Prevention is better than cure, Montrealers who get monkey pox vaccine say:

“(The vaccine achieves) full effect or almost full effect after a week. That’s very encouraging. It’s a breath of fresh air, just like the COVID vaccine.”

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Raymond Boudreau heard about the monkey pox walk-in clinic in Santé Montréal from a friend, who heard about it from his hairdresser Wednesday afternoon.

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“The barber said they were doing vaccines here; we didn’t even know,” Boudreau said of the clinic on Maisonneuve Blvd. E., on the edge of the Gay Village.

Boudreau’s friend convinced him to get vaccinated as well.

“He told me it was worth it,” said the 70-year-old. ‘I said, ‘I don’t know.’ I had been vaccinated against smallpox when I was younger. He told me it would be even safer to get (re)vaccinated, so here I am.”

Montreal is the epicenter of monkeypox virus in North America, with 126 confirmed cases as of Tuesday, accounting for 7.9 percent of the World Health Organization’s total of 1,600 confirmed cases in 39 countries this year, with 72 deaths.

All cases in Montreal to date have been in males, although the WHO has said the high number of cases in this group, as seen before, may be the product of “positive health-seeking behavior in this demographic”.

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That behavior was on display Wednesday, as several Montrealers heeded the call of the ramped-up vaccination campaign by municipal and provincial health authorities, targeting “men who intend or have sexual relations with men.”

Pierre (who preferred not to give his real name), 55, looked neat as he left the clinic in a lime green suit. He wasn’t too concerned about catching monkey pox, but was vaccinated just in case.

“I’m not really the type to go to clubs and have casual encounters,” he said, “but when the opportunity comes, it’s more for that (the reason I came).”

Kyle, 32, knows friends of friends who have contracted the virus.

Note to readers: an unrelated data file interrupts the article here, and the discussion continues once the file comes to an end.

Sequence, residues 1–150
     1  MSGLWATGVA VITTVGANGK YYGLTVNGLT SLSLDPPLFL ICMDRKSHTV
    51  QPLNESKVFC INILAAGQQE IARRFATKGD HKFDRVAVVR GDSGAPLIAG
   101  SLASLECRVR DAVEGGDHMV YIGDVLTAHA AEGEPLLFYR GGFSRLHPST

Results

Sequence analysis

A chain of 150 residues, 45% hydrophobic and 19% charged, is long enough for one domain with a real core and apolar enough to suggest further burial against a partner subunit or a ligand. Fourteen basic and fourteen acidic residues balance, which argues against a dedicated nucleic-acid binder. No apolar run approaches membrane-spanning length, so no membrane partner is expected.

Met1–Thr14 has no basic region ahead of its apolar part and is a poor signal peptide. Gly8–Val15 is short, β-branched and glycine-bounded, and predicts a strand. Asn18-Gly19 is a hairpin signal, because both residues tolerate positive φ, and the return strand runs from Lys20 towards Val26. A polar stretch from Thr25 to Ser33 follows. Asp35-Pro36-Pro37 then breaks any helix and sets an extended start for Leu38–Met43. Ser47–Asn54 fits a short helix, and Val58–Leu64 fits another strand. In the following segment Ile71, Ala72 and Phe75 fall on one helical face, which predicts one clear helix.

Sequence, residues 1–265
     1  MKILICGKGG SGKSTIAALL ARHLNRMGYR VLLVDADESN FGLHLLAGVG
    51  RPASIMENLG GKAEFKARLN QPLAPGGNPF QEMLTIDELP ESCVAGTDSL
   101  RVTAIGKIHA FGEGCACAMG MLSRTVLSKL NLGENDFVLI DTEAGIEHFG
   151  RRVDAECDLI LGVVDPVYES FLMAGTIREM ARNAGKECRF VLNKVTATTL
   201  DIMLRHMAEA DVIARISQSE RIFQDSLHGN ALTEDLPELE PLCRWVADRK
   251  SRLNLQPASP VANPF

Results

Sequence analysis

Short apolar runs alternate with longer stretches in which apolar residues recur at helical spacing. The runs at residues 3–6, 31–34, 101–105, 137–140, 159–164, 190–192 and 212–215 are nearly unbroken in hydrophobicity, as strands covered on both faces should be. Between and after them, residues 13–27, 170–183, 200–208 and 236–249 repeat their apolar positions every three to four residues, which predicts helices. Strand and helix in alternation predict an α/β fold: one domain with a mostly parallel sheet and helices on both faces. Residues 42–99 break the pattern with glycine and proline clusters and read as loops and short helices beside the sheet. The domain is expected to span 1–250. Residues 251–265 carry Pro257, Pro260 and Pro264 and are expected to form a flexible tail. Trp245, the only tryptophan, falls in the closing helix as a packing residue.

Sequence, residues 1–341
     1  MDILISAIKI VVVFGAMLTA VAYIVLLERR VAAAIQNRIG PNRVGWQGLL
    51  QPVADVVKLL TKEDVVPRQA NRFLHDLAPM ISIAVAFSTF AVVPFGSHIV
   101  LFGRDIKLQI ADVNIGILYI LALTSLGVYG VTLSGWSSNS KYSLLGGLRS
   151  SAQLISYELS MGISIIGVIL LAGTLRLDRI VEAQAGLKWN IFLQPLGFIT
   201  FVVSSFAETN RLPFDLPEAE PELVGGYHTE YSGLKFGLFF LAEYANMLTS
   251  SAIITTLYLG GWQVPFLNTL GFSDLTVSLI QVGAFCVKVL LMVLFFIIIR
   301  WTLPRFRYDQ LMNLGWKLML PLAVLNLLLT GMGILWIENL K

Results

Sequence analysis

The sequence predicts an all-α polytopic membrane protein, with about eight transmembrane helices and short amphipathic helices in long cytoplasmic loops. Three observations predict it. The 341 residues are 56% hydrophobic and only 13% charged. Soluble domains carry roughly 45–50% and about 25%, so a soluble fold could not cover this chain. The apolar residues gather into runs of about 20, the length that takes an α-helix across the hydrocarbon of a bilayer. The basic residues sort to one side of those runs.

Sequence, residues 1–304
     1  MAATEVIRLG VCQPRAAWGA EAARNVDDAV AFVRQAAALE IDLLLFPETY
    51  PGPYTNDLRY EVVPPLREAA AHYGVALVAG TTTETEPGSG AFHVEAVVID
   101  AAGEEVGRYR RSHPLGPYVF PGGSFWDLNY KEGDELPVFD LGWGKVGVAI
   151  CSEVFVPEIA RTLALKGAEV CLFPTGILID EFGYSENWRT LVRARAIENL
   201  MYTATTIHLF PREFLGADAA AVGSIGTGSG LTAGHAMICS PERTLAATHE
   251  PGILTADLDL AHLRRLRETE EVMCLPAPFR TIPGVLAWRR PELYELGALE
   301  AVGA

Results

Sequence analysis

“It didn’t seem to be a good experience for them,” he said, “and from everything I’d read,[the vaccine]is safe and effective, so I thought I’d get it.”

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Coming out of the clinic, he felt good about his decision and prepared for what the next few months might bring.

“I definitely feel more protected for the summer season,” he said. “There will be a lot of new people coming to town, a lot of confusion from everyone, so it feels good to be protected at that level.”

The virus appears to be transmitted through close, prolonged physical contact, Quebec says. The disease can be transmitted five days before symptoms appear and until all lesions are covered.

Danny Lapierre, 52, was vaccinated because “I’m in contact with a lot of people in the gay community, so there’s a potential danger,” he said. “And I have a stronger response to STDs (sexually transmitted diseases) — I know there’s no connection, but I didn’t want to be very sick.”

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He wasn’t sure if he would feel any safer having been vaccinated, but he knew he had done the right thing.

“I did what I had to do, voilà,” he said, adding that he had been given a shot “to prevent it from spreading, for me and also not to spread it. I’m a good soldier. Tell me I must do, and I’m going.”

Michael (not his real name), 56, was vaccinated, not out of immediate concern, but out of caution.

“The number of cases is still very low,” he said, “but it can spread, so be prepared just in case it does.”

When asked if the threat of monkeypox changed people’s behavior, he replied that it was “restrictive behavior, I’d say.”

He hit the news on Tuesday evening when he learned about the vaccination campaign and was happy with his choice.

“Apparently (the vaccine achieves) full effect or almost full effect after a week,” he said. “That is very encouraging. It’s a breath of fresh air, just like the COVID vaccine.”

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